Public education and residents’ actions are important components to any successful mosquito management program and are vital in reducing mosquito populations and the risk of mosquito-borne disease transmission. During each mosquito season, countless numbers of mosquitoes can be found breeding in artificial and natural water holding containers in and around private residences. Almost anything that will hold standing water for up to five days has a potential to breed mosquitoes. This means that mosquitoes can often find several potential breeding sources right in your own backyard.
You should help in your community’s mosquito control efforts by managing any mosquito populations that are being produced on your property. These mosquitoes can not only cause a direct nuisance or potential health threat to yourself, but to the entire community as well. Therefore, you are urged to perform weekly property maintenance investigations during the mosquito season (typically May through September in Colorado) to reduce any potential mosquito breeding sources that may be on your property.
Residents should use the following list to help identify and eliminate mosquito breeding sites on your property:
- Cans, Buckets and other Containers: Dispose of them, turn them upside down, or store them indoors.
- Children’s Wading Pools: Turn plastic wading pools upside down when not in use or change the water every few days.
- Children’s Toys: Store toys that can hold water indoors, store upside down or drain collected water at least once per week.
- Old/Rimless Tires: Dispose of tires at a proper disposal facility or store indoors where they won’t collect rainwater.
- Tire Swings: Drill holes in the bottom of the tire to allow rainwater to drain out.
- Barrels and Garbage Cans: Drain them and store tightly covered or upside down.
- Eaves, Troughs and Gutters: Clean out accumulated leaves and debris that trap and hold water and repair sagging gutters.
- Bird Baths: Flush clean at least once per week.
- Ornamental Ponds: Stock with small fish that will eat developing mosquitoes.
- Canoes and Boats: Store small boats upside down. Cover large boats and make sure the drain plug is removed so water can drain out of the boat. Make sure water does not collect on the cover.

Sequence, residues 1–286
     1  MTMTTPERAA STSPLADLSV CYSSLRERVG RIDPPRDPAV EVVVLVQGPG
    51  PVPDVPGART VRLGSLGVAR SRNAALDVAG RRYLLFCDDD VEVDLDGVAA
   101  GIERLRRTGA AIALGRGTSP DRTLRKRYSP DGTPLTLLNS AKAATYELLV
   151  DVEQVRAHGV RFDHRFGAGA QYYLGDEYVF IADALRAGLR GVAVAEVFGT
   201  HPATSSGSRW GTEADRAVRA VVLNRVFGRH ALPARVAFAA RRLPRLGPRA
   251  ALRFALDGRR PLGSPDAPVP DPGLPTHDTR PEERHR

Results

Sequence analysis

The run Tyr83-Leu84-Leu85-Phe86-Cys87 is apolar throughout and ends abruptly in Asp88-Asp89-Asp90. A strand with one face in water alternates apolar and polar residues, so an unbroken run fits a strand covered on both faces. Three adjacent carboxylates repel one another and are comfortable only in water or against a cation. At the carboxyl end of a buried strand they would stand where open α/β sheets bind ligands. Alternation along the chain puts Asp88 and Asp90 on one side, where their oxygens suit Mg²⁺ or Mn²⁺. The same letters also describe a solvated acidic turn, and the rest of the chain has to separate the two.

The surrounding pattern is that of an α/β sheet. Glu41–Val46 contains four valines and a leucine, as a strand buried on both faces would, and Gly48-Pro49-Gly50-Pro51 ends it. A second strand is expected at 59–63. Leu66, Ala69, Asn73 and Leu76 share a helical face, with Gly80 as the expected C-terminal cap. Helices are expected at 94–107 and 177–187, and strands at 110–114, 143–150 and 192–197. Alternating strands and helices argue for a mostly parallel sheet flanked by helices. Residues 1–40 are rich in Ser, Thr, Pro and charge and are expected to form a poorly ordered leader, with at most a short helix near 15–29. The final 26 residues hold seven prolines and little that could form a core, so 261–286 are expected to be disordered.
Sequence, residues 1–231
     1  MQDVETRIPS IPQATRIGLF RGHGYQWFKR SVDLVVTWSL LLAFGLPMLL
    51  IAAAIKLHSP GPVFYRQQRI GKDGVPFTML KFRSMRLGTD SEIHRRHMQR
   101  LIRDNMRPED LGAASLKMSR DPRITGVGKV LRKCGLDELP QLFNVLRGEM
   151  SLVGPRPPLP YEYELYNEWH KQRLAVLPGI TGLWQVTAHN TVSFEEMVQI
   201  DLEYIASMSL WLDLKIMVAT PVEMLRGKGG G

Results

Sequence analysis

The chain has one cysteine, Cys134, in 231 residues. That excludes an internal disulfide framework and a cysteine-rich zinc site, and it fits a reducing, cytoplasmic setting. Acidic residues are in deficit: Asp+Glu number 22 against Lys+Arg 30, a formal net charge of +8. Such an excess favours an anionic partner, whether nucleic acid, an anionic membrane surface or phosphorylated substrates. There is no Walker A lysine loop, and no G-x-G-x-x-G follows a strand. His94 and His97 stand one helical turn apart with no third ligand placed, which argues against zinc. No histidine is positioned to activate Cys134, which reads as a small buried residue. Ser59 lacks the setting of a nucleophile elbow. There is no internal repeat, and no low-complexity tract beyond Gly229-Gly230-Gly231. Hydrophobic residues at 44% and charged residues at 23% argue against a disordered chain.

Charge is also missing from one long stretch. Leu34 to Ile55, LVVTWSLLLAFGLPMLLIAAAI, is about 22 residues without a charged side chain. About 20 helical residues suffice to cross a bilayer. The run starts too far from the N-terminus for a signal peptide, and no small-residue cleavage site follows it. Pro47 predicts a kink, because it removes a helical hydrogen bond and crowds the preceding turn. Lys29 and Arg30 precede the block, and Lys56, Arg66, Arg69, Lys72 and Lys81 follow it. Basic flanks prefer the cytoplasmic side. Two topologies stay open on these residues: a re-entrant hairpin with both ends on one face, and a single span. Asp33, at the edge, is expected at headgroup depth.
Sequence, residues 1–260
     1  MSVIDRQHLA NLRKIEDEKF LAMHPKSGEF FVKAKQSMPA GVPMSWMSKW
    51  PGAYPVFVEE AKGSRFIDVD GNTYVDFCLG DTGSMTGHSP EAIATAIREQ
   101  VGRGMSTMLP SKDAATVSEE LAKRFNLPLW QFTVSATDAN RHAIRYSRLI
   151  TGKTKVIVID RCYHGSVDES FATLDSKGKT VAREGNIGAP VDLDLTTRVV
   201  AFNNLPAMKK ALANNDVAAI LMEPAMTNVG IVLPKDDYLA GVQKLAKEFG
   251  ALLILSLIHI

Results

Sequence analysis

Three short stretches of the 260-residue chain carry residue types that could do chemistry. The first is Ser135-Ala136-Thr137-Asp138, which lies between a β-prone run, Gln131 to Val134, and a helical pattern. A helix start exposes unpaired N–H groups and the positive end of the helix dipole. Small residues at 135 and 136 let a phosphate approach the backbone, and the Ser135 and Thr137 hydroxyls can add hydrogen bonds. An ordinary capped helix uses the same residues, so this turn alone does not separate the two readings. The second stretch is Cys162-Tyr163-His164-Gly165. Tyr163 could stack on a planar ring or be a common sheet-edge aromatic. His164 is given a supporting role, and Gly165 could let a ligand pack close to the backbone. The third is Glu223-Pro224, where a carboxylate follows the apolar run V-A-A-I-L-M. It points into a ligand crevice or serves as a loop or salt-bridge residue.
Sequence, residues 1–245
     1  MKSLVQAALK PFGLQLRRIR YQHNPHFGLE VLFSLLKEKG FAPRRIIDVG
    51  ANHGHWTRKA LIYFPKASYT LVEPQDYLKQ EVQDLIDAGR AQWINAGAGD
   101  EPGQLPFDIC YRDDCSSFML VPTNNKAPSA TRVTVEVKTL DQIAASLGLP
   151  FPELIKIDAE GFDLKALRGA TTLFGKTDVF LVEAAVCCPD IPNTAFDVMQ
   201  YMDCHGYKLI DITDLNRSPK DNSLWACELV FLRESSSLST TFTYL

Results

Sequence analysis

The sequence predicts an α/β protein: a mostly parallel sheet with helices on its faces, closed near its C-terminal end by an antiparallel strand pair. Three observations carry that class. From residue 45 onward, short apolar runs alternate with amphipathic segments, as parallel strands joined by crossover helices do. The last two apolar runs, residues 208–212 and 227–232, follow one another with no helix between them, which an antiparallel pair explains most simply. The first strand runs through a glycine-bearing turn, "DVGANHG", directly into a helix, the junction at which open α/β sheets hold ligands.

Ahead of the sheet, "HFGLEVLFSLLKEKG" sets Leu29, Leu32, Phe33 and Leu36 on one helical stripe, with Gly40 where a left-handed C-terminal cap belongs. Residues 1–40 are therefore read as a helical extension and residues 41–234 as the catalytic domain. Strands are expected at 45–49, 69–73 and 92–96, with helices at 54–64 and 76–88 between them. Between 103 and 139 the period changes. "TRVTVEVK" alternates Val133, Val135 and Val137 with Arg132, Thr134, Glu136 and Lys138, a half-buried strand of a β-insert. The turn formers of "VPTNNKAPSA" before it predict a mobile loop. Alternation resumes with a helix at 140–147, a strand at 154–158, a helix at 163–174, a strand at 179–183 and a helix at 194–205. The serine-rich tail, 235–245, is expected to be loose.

- Swimming Pools and Hot Tubs: Keep any swimming pools or hot tubs that are used chlorinated. If not in use, cover them and make sure water does not collect on the cover.
- Tarps or Plastic Sheets: Make sure that coverings on boats, swimming pools, compost piles, etc. are pulled tight and sloped so that rainwater runs off.
- Flower Pots/Vases and Plant Trays: Drain standing water from pot saucers and change water in outdoor vases at least once a week. Change the water in other plant trays, including hanging plants, at least once a week.
- Leaky Faucets, Hoses and Air Conditioners: Repair leaking faucets and air conditioner units and drain any puddles that remain standing for several days at a time.
- Pet or Livestock Watering Pans: Empty and refresh at least once a week.
- Wheelbarrows: Store upside down or indoors.
- Drainage Basins: Remove stagnant water from sump pits, dry wells, or drainage basins.
- Drainage Ditches: Remove vegetation or obstructions in drainage ditches that prevent the flow of water.
- Cesspools and Septic Tanks: Make sure systems are tightly-covered, operating properly, and not overflowing.
- Storm Drains: Check to see that water flows freely and is not blocked by leaves and debris.
- Tree Holes: Remove stumps or fill stumps or tree holes with sand or other filler.
- Agricultural and Lawn Irrigation: Make sure agricultural irrigation ditches and laterals are not clogged or blocked (so they don’t hold stagnant water). Irrigate lawns and gardens carefully to prevent standing water.
Please visit the following website for further information on things you can do around the home to help manage the mosquito populations in your neighborhood: Fight the Bite Colorado